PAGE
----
2. Who To Notify

In addition to online “verbal” abuse, threats and harassment, victims of doxxing are also at risk of offline harassment and identity theft which can result in real financial and reputational damage. When researching a user during a doxxing, that user’s Social Security Number(SSN) can often be discovered. While this identifier was never intended to become a universal identifier for business and commerce, knowing this vital bit of information plus personal details researched from a variety of sources can somtimes help attackers gain access to otherwise secure accounts (see notes on Spokeo, a site popular with identity thieves and hackers).

Notifying the authorities and employers, financial institutions, and service providers quickly and clearly can help reduce the damage footprint.

Authorities and Employers

  • Call your local police department (not 911), give them your address and ask them to watch for potential fake calls/reports (called SWATting )
  • Your employer. Victims have been let go from positions after bogus complaints/reports were called in by harassers. Let your employer know that this is happening and... (?)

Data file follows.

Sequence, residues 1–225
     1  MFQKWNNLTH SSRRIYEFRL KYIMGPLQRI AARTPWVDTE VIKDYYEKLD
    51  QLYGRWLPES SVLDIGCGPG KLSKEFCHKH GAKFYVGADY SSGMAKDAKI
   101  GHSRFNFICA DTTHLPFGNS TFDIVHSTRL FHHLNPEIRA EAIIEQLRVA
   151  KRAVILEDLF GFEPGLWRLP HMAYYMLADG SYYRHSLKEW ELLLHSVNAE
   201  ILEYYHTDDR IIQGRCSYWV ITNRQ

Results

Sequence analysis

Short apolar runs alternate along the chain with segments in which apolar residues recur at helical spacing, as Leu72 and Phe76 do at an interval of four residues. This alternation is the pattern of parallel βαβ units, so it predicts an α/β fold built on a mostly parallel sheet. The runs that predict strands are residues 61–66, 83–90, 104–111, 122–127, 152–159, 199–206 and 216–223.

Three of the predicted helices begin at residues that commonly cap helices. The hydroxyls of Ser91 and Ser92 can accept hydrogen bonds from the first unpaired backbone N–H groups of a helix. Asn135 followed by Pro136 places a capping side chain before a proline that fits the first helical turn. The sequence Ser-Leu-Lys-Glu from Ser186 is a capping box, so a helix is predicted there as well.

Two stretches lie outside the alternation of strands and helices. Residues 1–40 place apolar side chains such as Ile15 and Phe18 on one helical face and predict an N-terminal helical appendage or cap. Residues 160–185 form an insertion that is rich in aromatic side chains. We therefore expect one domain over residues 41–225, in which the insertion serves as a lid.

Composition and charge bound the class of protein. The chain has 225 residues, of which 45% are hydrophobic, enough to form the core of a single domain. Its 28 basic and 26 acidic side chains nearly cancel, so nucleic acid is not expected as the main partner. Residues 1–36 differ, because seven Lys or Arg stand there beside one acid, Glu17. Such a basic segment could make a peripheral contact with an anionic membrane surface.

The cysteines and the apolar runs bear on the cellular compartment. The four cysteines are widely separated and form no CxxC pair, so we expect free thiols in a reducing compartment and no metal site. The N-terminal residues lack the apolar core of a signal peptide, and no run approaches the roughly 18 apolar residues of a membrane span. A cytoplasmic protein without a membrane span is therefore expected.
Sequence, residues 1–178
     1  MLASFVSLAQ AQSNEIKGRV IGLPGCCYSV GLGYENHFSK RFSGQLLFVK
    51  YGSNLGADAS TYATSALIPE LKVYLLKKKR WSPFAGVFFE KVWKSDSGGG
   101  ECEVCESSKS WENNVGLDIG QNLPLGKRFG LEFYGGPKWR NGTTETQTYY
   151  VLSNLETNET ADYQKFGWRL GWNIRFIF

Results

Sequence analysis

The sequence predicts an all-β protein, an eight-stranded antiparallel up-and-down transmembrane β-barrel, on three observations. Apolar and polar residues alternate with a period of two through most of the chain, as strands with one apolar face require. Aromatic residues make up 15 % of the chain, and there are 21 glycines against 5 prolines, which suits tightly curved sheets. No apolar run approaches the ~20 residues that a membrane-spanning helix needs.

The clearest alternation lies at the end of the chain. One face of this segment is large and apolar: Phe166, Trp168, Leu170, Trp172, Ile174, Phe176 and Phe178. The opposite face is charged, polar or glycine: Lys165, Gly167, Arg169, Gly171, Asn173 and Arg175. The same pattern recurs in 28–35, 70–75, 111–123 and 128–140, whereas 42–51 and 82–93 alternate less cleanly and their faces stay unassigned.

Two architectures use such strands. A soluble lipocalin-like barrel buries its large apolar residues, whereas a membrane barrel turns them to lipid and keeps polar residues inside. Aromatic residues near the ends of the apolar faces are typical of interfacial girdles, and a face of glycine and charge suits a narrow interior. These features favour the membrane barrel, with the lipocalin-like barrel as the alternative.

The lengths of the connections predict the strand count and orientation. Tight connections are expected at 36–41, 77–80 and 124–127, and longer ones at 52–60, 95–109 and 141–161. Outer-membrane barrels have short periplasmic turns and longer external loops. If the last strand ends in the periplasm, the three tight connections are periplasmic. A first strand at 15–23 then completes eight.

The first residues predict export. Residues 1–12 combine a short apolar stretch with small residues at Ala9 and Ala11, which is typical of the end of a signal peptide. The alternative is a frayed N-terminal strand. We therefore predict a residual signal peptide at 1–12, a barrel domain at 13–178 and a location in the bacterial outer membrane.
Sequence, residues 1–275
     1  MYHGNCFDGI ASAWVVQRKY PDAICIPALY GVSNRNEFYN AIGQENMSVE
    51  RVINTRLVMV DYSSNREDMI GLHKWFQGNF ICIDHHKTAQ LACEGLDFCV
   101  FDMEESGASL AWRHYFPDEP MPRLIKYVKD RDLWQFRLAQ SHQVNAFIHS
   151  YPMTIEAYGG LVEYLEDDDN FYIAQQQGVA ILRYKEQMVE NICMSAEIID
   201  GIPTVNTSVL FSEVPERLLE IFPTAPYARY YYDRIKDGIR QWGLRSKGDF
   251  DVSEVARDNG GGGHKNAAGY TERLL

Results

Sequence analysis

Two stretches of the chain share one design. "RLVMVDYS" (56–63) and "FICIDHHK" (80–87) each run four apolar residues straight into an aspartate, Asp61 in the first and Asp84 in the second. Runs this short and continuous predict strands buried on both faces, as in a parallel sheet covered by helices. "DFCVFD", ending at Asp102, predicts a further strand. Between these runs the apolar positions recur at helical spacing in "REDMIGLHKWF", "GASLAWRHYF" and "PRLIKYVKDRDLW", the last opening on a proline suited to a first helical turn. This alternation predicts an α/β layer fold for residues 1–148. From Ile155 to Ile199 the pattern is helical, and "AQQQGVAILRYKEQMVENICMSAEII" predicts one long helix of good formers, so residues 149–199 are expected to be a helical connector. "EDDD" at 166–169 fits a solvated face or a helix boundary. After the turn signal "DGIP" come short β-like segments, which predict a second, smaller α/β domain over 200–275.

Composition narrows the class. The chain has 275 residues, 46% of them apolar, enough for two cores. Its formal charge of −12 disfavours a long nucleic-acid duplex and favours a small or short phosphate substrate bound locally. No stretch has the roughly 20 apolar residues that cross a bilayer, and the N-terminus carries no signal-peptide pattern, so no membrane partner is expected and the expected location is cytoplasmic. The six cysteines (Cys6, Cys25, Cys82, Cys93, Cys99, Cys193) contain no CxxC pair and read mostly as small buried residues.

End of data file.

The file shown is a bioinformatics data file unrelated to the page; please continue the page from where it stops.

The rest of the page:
Banks

Contact your bank via the identity theft or fraud departments, and inform them what’s happening and request a safe word on the account.

Credit Cards/Credit Bureaus

Start with the credit bureaus: The FTC has a guide on how to Place A Fraud Alert with one of the major credit bureaus.

“Ask 1 of the 3 credit reporting companies to put a fraud alert on your credit report. They must tell the other 2 companies. An initial fraud alert can make it harder for an identity thief to open more accounts in your name. The alert lasts 90 days but you can renew it.” [FTC]

The guide has a helpful checklist to follow.

Medical Providers

Cell Provider

Reporting fraud/identity theft:

Internet Provider

Sources

[FTC]The FTC, Place a Fraud Alert